Additionally, we already have a category for black swan's in our lexicon. It's called an act of God. Ironically Taleb concedes that religion is the only way to mitigate of black swans that he can think of -- but not for metaphysical reasons. It's not philosophical or theological. It's not random or uncertain or risky. It is what it is. Do we worry about crossing the street? Do we worry about dying in a car accident? Collectively if someone dies on our nations highways, it's not a big deal. Despite over 40,000 deaths annually on these same highways - it's not a big deal to the nation or country as a whole, because these are statistics. Wear your seat belt, don't drink and drive, speed kills. Everything is completely random and unpredictable and the math is impossible because it it far too complex -- this is Taleb's point which he makes again and again. So much so that now when I get out of bed in the morning, I suspect it will represent my last moments on earth, so I say my prayers. But wait, I did this anyway -- so have I gained any perspective from Taleb. I don't think so. But perhaps I am special in my thinking -- an advanced open-minded thinker. So will the multiple pin heads who seemingly surround us, who couldn't think outside the box if their life depended on it or do the math, alter their way of thinking as a result of reading Taleb's book? Will they gain from his life long pursuit? Only if they wake up to the fact that they are living in Kansas, or living in a flood plain, or living on the San Andreas fault, and then only when the Black Swan event occurs they don't whine to the government that someone should have told them, and then expect relief at our expense. That, I think, is the point of his book. He could have said this in 10 pages.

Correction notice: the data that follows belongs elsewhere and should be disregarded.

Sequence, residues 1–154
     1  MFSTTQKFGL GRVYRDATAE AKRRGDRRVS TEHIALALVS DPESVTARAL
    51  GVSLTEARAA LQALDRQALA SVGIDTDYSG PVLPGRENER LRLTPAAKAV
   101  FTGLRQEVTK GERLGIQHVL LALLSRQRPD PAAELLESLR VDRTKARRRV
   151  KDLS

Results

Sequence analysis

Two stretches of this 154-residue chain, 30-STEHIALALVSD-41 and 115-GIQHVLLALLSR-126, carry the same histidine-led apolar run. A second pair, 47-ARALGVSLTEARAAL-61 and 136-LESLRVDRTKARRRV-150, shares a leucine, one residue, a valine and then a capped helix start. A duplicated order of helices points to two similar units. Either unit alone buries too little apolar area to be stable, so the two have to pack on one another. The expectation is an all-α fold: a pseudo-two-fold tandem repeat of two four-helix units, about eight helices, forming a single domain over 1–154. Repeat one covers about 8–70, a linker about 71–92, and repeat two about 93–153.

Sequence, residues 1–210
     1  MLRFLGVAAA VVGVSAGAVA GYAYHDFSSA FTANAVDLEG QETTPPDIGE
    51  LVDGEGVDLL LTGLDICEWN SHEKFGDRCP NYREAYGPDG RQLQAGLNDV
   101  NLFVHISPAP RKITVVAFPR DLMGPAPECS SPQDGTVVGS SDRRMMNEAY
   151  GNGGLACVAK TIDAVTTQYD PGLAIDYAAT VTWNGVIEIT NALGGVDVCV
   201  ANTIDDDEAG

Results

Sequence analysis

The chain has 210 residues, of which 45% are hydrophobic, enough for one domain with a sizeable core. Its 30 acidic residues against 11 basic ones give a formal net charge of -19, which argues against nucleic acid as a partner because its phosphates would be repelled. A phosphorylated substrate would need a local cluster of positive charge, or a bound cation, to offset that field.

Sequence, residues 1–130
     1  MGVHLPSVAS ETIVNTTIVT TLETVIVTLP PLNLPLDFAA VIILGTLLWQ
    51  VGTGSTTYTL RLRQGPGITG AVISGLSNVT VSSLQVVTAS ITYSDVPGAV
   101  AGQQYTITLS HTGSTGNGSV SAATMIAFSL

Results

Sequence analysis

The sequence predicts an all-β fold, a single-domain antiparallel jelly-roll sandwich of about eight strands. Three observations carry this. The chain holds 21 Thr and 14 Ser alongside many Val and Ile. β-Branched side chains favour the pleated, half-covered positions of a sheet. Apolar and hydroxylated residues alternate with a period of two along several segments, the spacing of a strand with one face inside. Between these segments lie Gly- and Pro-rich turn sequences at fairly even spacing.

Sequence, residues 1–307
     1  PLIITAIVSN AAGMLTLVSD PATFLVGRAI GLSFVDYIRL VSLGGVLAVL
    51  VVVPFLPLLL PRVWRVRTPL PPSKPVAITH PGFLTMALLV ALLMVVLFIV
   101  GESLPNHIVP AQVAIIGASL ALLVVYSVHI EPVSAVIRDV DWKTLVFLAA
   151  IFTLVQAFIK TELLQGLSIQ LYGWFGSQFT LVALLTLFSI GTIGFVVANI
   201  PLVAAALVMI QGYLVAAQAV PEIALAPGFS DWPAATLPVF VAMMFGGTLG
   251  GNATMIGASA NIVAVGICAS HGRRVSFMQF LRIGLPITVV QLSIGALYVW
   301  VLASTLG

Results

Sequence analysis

Yet there are still many more counter arguments to Taleb's notion's. For instance, he completely ignores an attribute called quality and does not believe there are differences in human performance that account for the injustices he sees all around him. It is true that the differences in human performance are not so great as to separate us on the scale he uses to differentiate black swans, the net worth of Bill Gates for instance. But he fails to recognize that there is a difference. It is not luck. Some of it was skill -- without a functional operating systems Gates had nothing to sell. And some of it was business sense -- writing a exclusive contract. Yes there was luck in the timing of the venture but there was still quality. Yes there were other operating systems out there -- and MS DOS can be judged against those, not the operating system that I was working on, since I wasn't. And later came the arguable thug tactics and anti-trust violations used to steal the industry. Crimes perhaps, but not the luck of the draw. Crediting the next 20 years of growth for Micro Soft as a black swan event is misleading because it is not the triggering event. It might be an artifact of something attributable, not in this case, to an act of God, but it is more about the way things grow when they become epidemics -- this math is well understood. Nothing new here.